by Judy Ferro
Higher minimum wage means more jobs?
Does raising the minimum wage result in fewer jobs?
Intuitively, it’d seem simple math that a business that could afford to pay $30 an hour in wages could hire four people at $7.50 an hour, but only three at $10 an hour.
The economy, however, has a lot more variables than this simple math. A wage increase puts more money in circulation and brings in more business which makes it possible to increase the amount spent on wages and results in more hiring.
That’s what two recent reports indicate.
Washington has the highest state minimum wage in the country at $9.32 an hour and average job growth 60% above the national average over the last decade.
That’s $9.32 an hour for both regular and tipped employees. Idaho’s minimum wage is $7.25 for most, but only $3.35 for tipped workers. Yet, there’s a McDonald’s twenty feet from Idaho’s border. An upscale restaurant that failed to get an exemption from Washington’s minimum wage made a big show of spurning Spokane—and built there two years later.
A study of counties along the Idaho-Washington border found that job growth was as high or higher on the Washington side.
But many suspected Washington was a special case.
Until San Jose released its statistics.
San Jose adopted a $10 minimum wage, about a $2 raise, in March 2013. By December, unemployment had dropped from 7.6 percent to 5.8 percent.
The number of businesses in the city grew from 75,000 to 84,000 in spite of the fact that one locating just a few miles away could pay workers $2 an hour less.
Unemployment decreased. The number of businesses grew. About $100 million was added to the economy.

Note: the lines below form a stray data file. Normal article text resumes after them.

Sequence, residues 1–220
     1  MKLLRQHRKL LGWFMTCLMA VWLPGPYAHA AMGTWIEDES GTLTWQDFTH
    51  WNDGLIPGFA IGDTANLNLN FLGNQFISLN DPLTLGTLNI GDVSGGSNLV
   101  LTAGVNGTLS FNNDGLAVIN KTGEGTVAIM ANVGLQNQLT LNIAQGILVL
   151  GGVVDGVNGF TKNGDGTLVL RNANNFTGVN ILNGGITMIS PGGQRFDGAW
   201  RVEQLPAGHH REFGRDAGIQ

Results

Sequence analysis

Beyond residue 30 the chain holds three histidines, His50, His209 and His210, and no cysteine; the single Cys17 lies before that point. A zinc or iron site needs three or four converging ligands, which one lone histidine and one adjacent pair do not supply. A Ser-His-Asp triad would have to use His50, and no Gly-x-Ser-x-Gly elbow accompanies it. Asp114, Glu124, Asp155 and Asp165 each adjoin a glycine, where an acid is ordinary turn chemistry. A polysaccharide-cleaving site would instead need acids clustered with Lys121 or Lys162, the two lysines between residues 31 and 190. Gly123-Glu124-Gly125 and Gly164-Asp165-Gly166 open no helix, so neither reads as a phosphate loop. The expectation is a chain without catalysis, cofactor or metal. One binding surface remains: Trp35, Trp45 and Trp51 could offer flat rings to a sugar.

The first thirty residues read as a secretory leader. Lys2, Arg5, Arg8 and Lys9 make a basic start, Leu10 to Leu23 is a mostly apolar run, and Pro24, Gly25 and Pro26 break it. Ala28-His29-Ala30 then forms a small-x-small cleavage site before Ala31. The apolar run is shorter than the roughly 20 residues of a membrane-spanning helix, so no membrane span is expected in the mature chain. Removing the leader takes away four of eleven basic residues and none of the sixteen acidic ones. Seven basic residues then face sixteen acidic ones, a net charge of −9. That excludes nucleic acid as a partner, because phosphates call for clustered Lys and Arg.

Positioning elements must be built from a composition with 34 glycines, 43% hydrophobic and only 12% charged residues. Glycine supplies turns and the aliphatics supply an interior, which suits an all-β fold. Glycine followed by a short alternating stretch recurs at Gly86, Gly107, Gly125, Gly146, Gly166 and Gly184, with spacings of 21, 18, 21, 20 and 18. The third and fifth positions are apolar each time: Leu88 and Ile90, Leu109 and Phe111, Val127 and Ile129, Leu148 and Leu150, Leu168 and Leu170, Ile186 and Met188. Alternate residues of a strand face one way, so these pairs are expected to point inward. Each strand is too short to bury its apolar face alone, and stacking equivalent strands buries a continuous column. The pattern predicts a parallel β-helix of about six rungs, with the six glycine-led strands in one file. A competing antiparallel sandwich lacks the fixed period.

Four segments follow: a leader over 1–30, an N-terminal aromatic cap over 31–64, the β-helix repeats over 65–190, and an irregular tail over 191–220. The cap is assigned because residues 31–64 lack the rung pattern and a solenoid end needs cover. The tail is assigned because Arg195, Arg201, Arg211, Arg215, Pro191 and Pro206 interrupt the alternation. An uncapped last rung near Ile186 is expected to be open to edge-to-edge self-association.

Now political leaders all over California—Mountain View, Sunnyvale, Berkeley, Davis, Richmond, and others—are considering raising their city’s minimum wages. San Francisco already has, as have Albuquerque and Santa Fe in New Mexico and Federal Way in Washington.
Connecticut has just passed a bill that will raise its minimum wage to $10.10 an hour by 2017.
Unfortunately, Idaho’s leaders prefer to stick with simple math. They don’t understand increasing demand as an economic tooll.
Their answer to an economic slowdown–cut wages.
During the recession, Idaho made some of the deepest payroll cuts in the country. When a little money was first available, it went to tax decreases. We now have one of the lowest combined tax rates of any state.
And the second highest percent of workers earning minimum wage. (Tennessee just knocked us out of first place.)
We’ve succeeded in attracting cheap businesses that can survive only because tax dollars subsidize their workers with food stamps, Medicaid, free school lunches, etc.
Idahoans should consider a higher minimum wage. Montana’s minimum wage for both hourly and tipped employees is $7.80; Nevada’s, $8.25; and Oregon’s $9.10.
Those laws didn’t just drop from the sky. Workers agitated for change. They backed politicians that believed in a living wage, or they passed initiatives. They actually regarded a living wage as important to families and communities.
Idaho’s current initiative to raise the minimum wage will likely die April 15 for lack of signatures. (See www.raiseidaho.com.)
We could start a new initiative. We could work for legislative candidates committed to a higher minimum wage.
Or we could just cross our fingers and hope.